Last Updated on July 22, 2023 by The Health Master
In the pharmaceutical industry, ensuring the accuracy and reliability of equipment and instruments is crucial for maintaining product quality and regulatory compliance.
This article aims to clarify the key differences between validation and calibration, presenting the information in a tabular format for easy comprehension.
Comparison of Validation and Calibration:
|Process of evaluating and documenting evidence to ensure that a system, equipment, or process consistently produces results within predetermined specifications, thus demonstrating its fitness for the intended purpose.||The process of adjusting and verifying the accuracy and precision of equipment or instruments by comparing their measurements to a known standard.|
|To confirm that a system or process consistently meets its predetermined requirements, thus ensuring its compliance with regulations and industry standards.||To ensure that the measurements obtained from equipment or instruments are accurate and reliable, reducing uncertainties in test results.|
|Applies to systems, equipment, processes, and methods used in the production, testing, and storage of pharmaceutical products.||Primarily focused on instruments and equipment used for measurement, monitoring, and control.|
|Key Activities||Key Activities|
|Establishing performance specifications and acceptance criteria.Executing protocols and tests to generate data.Documenting evidence and generating reports||Comparing measurement values obtained from the instrument with known standards.Adjusting or calibrating the instrument if necessary.Documenting calibration activities and results.Generating calibration certificates.|
|Validation is typically performed during the initial qualification of a system or process and subsequently at defined intervals to ensure continued compliance.||Calibration is performed at regular intervals based on the criticality and usage of the instrument. The frequency can range from daily to annual, depending on factors such as regulatory requirements, instrument stability, and historical performance.|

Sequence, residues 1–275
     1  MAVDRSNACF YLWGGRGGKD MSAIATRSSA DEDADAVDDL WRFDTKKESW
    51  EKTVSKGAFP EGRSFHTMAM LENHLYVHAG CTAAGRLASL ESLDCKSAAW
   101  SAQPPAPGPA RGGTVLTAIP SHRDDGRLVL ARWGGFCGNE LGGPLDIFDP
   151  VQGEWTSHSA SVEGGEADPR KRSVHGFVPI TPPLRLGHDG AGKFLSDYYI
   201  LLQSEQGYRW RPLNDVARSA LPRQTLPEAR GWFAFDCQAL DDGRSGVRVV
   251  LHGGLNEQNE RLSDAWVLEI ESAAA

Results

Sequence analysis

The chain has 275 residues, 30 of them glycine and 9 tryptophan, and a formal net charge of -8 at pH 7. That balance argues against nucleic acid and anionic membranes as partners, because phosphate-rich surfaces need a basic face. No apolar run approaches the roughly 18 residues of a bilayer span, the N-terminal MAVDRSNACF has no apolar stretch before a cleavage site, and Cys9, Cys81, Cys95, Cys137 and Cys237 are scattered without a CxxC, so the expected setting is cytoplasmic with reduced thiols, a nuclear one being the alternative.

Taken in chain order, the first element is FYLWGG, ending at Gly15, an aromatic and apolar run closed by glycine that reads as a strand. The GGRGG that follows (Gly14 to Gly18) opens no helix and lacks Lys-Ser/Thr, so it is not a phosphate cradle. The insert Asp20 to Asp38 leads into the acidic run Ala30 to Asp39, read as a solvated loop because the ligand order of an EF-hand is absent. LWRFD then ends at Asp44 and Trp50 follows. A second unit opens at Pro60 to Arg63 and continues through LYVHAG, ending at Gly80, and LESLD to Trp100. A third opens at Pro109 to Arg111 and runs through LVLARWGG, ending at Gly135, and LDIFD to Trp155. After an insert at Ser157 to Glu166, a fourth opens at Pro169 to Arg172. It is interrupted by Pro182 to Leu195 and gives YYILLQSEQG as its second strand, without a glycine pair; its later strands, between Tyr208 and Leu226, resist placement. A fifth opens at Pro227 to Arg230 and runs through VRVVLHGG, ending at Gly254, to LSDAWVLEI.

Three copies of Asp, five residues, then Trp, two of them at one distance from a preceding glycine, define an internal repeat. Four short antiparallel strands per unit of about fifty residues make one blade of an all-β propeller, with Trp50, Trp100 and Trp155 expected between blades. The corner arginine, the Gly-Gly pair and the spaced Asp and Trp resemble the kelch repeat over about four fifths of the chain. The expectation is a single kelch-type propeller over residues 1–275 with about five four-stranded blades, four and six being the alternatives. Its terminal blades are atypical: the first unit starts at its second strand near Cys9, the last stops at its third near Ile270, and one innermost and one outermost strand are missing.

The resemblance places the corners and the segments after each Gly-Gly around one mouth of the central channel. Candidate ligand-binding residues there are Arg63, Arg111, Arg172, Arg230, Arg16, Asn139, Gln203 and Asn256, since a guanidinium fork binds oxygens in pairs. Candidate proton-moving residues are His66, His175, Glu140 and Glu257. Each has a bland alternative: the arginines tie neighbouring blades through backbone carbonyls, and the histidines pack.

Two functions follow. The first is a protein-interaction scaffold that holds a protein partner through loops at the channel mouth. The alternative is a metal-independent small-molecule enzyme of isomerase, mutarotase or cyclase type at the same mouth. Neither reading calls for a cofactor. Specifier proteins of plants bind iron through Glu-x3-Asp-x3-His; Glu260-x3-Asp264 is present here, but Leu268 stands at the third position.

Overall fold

|Regulatory Requirements||Regulatory Requirements|
|Validation is often mandated by regulatory agencies, as part of good manufacturing practices (GMP) for the pharmaceutical industry.||Calibration is also mandated by regulatory agencies to ensure the accuracy of instruments used for critical measurements. It is typically required for compliance with Good Manufacturing Practice (GMP)|
|Validation demonstrates that a system or process consistently produces the desired results, providing assurance of product quality and regulatory compliance.||Calibration ensures the accuracy and reliability of instrument measurements, reducing uncertainties and ensuring data integrity.|
|Examples of Instruments||Examples of Instruments|
|Manufacturing equipment (e.g., tablet presses, sterilizers).Analytical instruments (e.g., HPLC systems, spectrophotometers).Temperature-controlled storage units (e.g., refrigerators, stability chambers).||ThermometersPipettespH metersBalancesPressure gauges|
While validation ensures that systems and processes consistently meet predetermined requirements, calibration focuses on verifying the accuracy and reliability of instruments.
Understanding the distinctions between validation and calibration helps pharmaceutical professionals implement appropriate measures to ensure accurate measurements, reliable processes, and high-quality pharmaceutical products.
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